On March 8th an article currently running under the title “Catherine Ashton in landmark bridge-building trip to Iran” appeared in the Features & Analysis section of the BBC News website’s Middle East page. The subject matter of the report – which was written by the BBC’s chief international correspondent Lyse Doucet – is as expressed in its latest headline: a visit to Iran by the EU’s foreign affairs representative.
However, one of two photographs chosen to illustrate the article is this one below, which is accompanied by the following caption:
“Iran has rejected Israeli allegations that it was behind a shipment of Syrian-made rockets intended for Palestinian militants in Gaza”
Doucet’s report does not at any point relate to the incident last week in which a ship sailing from Iran to Sudan was seized by Israeli naval forces in the Red Sea due to its carrying Syrian-made missiles destined for terror groups in the Gaza Strip.
Hence the gratuitous inclusion of this photograph and its context-free caption can only be seen as yet more promotion of Iranian propaganda on the part of the BBC.
The terms of the BBC’s constitutional document commit the corporation to building “a global understanding of international issues” and enabling “individuals to participate in the global debate on significant international issues”. Although the BBC has shown no qualms about repeating and amplifying Iran’s propaganda on this topic, it has made no attempt whatsoever to justify that promotion with any sort of independently verified factual information which would support the notion that the Syrian-made missiles did not arrive in Tehran from Damascus and were not transported from there to the port of Bandar Abbas with the knowledge of the Iranian regime.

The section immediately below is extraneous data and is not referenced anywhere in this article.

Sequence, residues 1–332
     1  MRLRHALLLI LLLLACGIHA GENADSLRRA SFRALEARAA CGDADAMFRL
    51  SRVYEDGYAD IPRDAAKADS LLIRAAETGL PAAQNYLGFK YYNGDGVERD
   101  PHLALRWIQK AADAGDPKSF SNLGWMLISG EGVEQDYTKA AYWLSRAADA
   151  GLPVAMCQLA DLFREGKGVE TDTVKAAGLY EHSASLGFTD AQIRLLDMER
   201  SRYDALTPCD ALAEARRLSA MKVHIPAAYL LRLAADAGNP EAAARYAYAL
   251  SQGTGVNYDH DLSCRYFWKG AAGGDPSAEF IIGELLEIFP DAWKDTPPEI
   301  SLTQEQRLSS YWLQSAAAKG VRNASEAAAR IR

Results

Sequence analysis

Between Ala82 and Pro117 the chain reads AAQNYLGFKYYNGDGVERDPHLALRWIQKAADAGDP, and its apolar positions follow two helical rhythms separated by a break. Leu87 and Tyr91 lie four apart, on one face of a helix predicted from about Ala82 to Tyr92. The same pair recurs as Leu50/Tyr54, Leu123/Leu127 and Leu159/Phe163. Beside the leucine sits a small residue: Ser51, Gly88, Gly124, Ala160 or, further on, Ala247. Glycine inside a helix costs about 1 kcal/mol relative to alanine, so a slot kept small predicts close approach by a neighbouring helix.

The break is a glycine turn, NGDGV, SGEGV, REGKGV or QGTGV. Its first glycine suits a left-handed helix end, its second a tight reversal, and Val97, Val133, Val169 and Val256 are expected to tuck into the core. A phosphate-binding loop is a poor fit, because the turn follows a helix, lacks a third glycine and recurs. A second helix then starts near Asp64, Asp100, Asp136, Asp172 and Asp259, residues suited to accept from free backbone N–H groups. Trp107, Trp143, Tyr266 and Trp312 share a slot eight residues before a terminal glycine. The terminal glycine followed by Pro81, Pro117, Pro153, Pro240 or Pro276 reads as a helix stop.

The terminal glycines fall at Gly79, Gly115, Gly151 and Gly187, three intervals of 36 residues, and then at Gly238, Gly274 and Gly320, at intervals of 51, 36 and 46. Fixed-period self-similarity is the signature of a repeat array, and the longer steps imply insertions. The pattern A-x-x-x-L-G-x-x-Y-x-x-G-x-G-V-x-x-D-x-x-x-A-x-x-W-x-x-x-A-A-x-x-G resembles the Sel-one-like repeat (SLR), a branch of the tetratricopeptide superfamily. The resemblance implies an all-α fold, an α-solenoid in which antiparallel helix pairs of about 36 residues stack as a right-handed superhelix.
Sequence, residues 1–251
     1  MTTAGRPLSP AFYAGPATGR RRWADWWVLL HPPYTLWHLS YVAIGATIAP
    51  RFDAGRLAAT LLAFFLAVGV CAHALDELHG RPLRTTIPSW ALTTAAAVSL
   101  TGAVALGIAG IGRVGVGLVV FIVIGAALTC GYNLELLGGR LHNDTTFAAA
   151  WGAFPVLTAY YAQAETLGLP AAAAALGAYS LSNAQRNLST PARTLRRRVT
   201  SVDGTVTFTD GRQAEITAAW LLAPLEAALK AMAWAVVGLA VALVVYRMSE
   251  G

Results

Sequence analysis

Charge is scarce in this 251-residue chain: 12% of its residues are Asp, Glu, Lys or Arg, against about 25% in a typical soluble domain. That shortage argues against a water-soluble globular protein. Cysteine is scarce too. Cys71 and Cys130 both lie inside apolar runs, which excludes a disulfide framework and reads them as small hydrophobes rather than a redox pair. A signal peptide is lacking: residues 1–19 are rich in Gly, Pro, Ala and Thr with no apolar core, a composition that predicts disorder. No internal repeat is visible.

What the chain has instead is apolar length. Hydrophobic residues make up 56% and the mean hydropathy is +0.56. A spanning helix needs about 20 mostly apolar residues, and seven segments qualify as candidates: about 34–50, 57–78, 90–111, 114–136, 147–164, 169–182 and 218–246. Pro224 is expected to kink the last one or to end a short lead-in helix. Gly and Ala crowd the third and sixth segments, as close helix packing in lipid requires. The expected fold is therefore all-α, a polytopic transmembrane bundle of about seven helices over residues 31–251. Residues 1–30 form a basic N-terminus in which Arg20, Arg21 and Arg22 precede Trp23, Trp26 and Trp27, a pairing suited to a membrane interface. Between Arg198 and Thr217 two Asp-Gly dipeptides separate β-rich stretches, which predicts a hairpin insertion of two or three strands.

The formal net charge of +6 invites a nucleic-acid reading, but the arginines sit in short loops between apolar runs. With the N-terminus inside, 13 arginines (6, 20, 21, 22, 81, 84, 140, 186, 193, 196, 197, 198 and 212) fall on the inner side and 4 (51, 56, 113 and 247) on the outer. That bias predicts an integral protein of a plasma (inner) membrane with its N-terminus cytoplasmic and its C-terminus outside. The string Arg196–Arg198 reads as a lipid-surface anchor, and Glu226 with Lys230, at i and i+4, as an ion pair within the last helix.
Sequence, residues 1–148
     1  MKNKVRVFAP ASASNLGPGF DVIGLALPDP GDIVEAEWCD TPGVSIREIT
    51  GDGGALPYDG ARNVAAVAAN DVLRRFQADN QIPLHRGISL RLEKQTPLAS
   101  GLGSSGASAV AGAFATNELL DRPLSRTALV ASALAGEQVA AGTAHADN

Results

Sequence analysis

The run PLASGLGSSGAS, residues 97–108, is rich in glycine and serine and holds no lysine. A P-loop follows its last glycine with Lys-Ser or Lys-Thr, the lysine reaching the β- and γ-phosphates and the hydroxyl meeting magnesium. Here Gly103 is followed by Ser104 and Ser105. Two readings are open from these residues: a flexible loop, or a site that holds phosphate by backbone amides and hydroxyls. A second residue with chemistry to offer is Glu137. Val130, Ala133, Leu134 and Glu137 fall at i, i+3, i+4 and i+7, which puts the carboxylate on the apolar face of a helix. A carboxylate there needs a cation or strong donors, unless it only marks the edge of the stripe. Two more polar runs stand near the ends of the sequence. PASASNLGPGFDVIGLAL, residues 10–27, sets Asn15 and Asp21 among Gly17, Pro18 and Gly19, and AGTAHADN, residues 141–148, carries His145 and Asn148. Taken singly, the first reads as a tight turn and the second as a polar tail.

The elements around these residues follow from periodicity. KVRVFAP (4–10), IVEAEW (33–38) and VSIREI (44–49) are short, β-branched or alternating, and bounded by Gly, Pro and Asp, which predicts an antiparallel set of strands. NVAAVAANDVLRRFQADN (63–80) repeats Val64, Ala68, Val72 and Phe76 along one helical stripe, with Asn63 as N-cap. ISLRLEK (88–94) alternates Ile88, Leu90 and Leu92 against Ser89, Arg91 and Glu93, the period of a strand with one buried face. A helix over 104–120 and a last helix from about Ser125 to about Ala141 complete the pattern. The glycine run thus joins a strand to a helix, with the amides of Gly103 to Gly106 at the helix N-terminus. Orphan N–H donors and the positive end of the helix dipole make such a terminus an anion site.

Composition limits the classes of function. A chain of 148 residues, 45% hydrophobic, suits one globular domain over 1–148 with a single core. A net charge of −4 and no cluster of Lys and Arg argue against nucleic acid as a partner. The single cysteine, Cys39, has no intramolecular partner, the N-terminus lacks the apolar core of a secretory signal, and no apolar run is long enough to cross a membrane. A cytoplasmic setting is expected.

Instead, it seems that the BBC is of the opinion that all audiences need to know is that “Iran has rejected Israeli allegations” (with the use of that last word being highly significant). Whether or not there is any evidence to support that “rejection” is apparently deemed superfluous to audiences’ “understanding of international issues”, meaning that not only is their ability to participate in the “debate” on Iran’s long record of arming and financing terrorist organisations constrained, but so is their awareness of the fact that such an issue exists.